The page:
Professor Mueller's research is primarily focused on the study and analysis of actively deforming structures and earthquakes. He uses a variety of techniques that blend field geology with analysis of young sedimentary deposits, geomorphology and geophysics. Aimed at understanding how earthquakes act to build geologic structures and the boundary conditions that control coupled deformation and erosion, projects have taken him to Taiwan, Japan, Baja California, Italy the American Midcontinent and the Southwest USA. His work also seeks to understand how erosion drives stresses in the upper crust and how this affects active flow of ultraweak rock salt in the Paradox Basin of Utah. Professor Mueller has also worked to define how blind thrust faults grow early in the history of Mars and Mercury in response to secular cooling and how they might inform the evolution of the brittle to ductile transition and heat flow on these planets.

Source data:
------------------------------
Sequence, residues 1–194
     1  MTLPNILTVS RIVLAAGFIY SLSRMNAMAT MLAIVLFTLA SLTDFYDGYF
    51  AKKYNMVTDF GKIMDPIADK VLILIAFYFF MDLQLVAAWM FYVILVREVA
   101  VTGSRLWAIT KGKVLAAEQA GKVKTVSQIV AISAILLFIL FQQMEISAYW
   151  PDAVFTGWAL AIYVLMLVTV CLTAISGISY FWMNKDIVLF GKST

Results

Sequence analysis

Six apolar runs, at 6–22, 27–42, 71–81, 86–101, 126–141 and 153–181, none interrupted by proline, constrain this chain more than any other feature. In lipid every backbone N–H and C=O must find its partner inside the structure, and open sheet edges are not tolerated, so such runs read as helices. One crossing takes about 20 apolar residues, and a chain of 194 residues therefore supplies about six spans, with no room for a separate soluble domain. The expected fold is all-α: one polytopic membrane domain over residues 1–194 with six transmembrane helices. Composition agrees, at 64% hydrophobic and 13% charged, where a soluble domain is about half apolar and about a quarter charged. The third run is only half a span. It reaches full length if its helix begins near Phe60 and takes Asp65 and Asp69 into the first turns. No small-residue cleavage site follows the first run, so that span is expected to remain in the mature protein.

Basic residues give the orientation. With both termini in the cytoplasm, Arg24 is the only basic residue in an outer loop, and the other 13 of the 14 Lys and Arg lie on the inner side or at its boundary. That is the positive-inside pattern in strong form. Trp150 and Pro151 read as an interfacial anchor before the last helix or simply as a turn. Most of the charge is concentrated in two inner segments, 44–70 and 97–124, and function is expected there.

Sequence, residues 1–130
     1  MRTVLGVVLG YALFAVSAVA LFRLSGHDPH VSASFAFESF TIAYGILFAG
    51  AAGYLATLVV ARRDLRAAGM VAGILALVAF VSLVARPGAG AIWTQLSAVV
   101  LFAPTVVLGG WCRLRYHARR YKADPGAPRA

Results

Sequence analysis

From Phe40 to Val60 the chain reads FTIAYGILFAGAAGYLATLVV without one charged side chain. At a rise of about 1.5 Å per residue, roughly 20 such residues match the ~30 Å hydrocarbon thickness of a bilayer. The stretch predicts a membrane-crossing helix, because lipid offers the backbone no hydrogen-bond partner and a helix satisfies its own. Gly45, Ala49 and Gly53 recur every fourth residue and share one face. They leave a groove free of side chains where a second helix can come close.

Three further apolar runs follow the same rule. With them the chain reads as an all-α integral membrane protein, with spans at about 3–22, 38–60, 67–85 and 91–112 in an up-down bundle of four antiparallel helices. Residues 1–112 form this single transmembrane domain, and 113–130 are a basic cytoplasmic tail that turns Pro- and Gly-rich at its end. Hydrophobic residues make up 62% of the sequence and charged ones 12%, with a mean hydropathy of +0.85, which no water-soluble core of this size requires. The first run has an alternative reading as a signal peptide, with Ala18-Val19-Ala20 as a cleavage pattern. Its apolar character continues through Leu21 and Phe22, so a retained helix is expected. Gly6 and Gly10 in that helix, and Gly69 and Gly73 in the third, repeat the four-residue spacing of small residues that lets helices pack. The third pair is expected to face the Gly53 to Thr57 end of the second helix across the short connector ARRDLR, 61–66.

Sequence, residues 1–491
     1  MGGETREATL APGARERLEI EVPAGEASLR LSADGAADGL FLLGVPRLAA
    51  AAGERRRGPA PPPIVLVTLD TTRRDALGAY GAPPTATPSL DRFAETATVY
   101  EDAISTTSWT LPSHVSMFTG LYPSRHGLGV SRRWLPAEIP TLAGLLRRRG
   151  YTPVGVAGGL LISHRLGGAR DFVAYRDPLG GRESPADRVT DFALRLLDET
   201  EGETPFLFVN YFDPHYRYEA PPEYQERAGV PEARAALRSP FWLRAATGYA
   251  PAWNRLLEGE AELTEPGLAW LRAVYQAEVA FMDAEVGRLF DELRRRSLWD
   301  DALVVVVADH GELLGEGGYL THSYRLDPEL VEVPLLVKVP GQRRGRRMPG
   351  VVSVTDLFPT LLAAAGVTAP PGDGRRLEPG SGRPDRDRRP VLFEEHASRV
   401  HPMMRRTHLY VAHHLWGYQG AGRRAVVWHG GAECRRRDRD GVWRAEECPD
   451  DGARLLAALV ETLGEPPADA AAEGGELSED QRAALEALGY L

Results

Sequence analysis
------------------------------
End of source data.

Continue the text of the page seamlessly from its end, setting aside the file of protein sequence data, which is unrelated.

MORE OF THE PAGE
Erosional forcing of upper crustal strain, Seismotectonics of fold and thrust belts and transtentional fault systems, Origins of coastal uplift in Southern CA and Baja, Earthquake hazards, Ancient compressive structures and crustal rheology on Mars and Mercury